The Harjit Kaur Sidhu Memorial Program celebrates the rich life of Punjabi language and culture and its importance in BC, in memory of a woman who shared such passions. Our goal is to call attention to important new scholarship on Punjabi language and culture and bring it to our students and the broader Vancouver area audience; encourage and recognize achievements in Punjabi language cultural production; and honor students for their work in learning and using the Punjabi language.
The program was established in loving memory of Harjit Kaur Sidhu (nee Gill), devoted wife, mother, and strong advocate for education, Punjabi culture and language, and women’s issues. Every year, the program features a keynote address by a distinguished scholar, awards for local writers and student-contest winners, and student performances. In alternating years, the book/writer award either honors a BC-based Punjabi-language writer with a “lifetime achievement award,”or a “best book” published in recent years by a writer from the region.
The Tenth Annual Harjit Kaur Sidhu Memorial Program was held 2-4 March 2018. It was held at a larger scale than usual this year with the support of additional partners: the Dean of Arts Office, the Centre for India and South Asia Research, the Peter Wall Institute for Advanced Studies, the Department of Theatre and Film at UBC, & the Dr. Hari Sharma Foundation/Gursharan Singh Memorial Lecture. The three day program, organized by Anne Murphy, Sukhwant Hundal and Sarbjit Randhawa, hosted Gurvinder Singh, award-winning Punjabi-language filmmaker, for a series of film screenings and conversations. The first screening took place at UBC West Point Grey, with a screening of the film "Awaazaan" (2016) about UK-based Punjabi language poet, Amarjit Chandan. This was attended by a community audience as well as attendees at a conference organized by the Centre for India and South Asia Research, the South Asia Conference of the Pacific Northwest, 2-3 March 2018. On Saturday, March 3, we held a screening at UBC Robson Square of the film "Anhe Godhe da Daan (Alms for a blind horse)" (2011), which portrays caste and class marginalization in the Indian Punjab today. The film featured a good showing of students, film buffs, and those interested in the content of the film, including Jai Birdi of the Chetna Association.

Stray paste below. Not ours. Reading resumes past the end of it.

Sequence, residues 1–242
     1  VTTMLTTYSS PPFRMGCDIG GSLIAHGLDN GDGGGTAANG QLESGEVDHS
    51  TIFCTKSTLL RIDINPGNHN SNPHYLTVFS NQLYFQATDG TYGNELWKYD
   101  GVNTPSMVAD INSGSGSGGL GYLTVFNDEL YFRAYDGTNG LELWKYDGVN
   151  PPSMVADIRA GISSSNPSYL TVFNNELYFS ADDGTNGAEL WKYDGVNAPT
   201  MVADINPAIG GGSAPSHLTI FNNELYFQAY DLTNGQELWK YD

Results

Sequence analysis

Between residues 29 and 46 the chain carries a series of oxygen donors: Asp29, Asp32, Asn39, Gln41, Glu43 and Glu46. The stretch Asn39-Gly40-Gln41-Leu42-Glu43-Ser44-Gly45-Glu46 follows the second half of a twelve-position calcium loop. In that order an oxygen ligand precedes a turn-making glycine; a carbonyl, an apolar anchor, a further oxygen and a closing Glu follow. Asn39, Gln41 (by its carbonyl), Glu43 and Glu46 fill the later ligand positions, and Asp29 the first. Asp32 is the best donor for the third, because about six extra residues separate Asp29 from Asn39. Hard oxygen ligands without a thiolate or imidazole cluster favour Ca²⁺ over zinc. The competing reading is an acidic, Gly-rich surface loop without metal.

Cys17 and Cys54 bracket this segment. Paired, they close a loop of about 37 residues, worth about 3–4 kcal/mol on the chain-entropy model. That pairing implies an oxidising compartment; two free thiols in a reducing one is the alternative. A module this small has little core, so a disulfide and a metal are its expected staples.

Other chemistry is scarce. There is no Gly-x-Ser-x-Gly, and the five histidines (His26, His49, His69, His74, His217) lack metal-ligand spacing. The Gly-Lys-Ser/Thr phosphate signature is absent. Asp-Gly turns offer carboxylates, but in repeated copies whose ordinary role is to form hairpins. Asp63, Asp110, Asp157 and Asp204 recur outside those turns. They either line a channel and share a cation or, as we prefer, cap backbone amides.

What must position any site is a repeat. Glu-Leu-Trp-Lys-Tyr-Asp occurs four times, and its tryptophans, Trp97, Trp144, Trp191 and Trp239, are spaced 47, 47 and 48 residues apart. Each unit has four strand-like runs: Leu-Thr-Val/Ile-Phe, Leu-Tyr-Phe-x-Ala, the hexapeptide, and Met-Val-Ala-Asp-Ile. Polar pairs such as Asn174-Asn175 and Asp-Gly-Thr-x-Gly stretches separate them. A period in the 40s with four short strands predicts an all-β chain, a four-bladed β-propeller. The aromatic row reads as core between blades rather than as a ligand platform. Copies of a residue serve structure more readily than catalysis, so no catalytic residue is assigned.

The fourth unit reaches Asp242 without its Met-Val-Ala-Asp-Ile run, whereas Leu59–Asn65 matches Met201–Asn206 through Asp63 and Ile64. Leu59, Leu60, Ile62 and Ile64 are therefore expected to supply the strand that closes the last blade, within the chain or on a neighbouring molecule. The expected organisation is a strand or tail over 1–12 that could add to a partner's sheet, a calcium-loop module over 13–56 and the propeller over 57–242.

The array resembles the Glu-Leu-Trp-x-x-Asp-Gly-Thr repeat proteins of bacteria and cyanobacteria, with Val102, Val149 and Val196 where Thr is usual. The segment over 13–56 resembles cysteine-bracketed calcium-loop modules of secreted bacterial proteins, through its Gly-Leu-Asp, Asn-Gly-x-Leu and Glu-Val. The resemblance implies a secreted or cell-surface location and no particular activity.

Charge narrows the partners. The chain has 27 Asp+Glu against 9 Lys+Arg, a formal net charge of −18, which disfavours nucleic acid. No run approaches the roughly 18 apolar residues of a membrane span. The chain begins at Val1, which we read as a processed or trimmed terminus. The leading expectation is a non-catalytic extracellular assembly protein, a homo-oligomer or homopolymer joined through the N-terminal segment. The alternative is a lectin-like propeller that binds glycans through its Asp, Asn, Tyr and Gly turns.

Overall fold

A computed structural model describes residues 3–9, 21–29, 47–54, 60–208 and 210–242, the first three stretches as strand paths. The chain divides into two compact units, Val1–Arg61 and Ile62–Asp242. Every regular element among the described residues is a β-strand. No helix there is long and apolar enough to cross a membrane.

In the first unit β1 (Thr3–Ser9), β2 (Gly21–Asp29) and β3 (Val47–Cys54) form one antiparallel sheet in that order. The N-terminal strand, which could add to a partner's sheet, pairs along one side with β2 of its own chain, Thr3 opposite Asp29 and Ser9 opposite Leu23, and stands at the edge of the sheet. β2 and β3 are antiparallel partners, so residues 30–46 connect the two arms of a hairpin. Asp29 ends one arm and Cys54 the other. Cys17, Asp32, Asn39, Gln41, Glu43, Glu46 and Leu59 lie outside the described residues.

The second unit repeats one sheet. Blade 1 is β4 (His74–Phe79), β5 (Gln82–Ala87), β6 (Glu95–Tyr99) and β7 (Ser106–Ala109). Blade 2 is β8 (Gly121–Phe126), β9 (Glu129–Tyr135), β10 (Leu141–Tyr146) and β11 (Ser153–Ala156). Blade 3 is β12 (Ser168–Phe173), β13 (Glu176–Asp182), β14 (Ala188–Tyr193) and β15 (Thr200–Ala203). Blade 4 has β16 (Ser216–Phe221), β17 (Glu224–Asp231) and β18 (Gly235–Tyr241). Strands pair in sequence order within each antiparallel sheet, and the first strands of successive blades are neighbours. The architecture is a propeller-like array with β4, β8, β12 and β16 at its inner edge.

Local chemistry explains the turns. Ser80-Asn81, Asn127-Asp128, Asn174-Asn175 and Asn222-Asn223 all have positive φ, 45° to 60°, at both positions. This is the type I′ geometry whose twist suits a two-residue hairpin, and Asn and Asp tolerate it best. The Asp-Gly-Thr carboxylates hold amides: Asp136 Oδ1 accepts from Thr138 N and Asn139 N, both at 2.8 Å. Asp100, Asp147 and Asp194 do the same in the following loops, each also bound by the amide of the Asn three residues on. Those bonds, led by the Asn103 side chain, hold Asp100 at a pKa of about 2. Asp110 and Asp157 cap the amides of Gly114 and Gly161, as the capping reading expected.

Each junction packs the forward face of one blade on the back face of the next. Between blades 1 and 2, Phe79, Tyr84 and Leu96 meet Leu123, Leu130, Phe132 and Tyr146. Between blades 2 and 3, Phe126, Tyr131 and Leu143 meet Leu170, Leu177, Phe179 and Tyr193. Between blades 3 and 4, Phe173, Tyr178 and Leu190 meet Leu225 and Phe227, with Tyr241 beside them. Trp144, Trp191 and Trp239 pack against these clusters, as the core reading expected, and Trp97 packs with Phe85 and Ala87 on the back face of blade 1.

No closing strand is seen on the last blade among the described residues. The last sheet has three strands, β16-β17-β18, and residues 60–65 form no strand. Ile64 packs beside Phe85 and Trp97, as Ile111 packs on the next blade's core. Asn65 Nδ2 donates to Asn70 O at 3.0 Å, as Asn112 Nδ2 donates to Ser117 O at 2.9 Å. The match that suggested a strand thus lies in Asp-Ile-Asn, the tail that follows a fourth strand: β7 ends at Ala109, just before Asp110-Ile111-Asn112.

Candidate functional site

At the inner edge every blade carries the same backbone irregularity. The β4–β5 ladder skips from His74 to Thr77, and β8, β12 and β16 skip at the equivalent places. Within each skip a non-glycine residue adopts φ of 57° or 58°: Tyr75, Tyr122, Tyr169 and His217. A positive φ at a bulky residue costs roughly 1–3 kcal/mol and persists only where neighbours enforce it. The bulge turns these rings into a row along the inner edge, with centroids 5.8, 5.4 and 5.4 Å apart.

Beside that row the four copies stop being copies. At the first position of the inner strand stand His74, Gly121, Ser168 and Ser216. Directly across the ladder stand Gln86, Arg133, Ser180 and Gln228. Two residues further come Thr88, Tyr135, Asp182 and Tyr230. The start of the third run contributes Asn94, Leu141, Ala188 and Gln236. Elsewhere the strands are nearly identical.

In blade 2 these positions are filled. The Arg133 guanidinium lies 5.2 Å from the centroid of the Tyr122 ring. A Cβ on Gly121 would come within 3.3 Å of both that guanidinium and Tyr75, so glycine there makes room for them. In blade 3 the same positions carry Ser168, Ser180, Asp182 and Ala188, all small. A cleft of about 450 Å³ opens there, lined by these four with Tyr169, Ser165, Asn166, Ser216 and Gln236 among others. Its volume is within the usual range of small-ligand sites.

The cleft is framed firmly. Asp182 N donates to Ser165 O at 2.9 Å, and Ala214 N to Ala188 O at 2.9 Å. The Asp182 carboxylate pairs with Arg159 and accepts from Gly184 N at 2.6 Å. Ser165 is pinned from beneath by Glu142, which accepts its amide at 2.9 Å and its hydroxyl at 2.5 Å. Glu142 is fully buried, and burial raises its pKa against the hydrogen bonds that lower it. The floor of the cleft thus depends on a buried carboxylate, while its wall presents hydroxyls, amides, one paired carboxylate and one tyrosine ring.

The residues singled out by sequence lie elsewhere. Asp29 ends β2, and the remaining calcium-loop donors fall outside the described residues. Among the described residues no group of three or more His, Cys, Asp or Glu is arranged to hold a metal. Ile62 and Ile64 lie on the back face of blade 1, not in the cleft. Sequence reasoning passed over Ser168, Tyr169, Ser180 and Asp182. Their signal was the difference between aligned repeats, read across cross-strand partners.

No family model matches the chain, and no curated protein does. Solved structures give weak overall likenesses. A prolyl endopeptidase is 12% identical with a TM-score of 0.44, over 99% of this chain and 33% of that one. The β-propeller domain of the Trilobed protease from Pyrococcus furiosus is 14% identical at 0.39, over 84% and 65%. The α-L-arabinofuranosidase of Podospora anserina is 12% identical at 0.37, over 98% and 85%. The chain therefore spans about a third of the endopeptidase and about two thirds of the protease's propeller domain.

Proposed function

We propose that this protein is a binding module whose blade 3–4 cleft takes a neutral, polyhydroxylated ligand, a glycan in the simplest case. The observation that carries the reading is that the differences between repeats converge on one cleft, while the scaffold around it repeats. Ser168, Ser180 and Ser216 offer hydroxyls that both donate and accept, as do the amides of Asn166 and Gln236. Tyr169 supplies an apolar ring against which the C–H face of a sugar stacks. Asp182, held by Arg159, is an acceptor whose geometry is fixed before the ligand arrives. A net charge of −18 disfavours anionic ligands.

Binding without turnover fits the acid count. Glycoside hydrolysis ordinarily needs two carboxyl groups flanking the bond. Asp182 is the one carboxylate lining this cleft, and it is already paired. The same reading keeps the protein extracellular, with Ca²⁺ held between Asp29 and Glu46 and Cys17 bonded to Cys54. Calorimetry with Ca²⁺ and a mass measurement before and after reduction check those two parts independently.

On Sunday, we had our main event in Surrey, where we awarded Inderjeet Kaur Sidhu, a local Punjabi language author, with a lifetime achievement award, and gave awards to students in our annual essay contest. Students from Dasmesh School Abbotsford, Khalsa Secondary School, and UBC participated. At that event, we screened "Chauthi Koot, (Fourth Direction)" (2015) a haunting film that explores the violence of 1984 for individuals and families in the Indian Punjab. The University of Toronto also supported these events in part, because they held a screening of the latter film in Toronto, after the events here came to an end.
The Harjit Kaur Sidhu Memorial Program was established in memory of Harjit Kaur Sidhu (nee Gill), a devoted wife and mother, and a strong advocate for education, Punjabi culture and language, and women’s issues. The program celebrates the long and vibrant life of Punjabi in BC, with the generous support of the Sidhu family.
Kahani da Rangmanch: A Theatre of Stories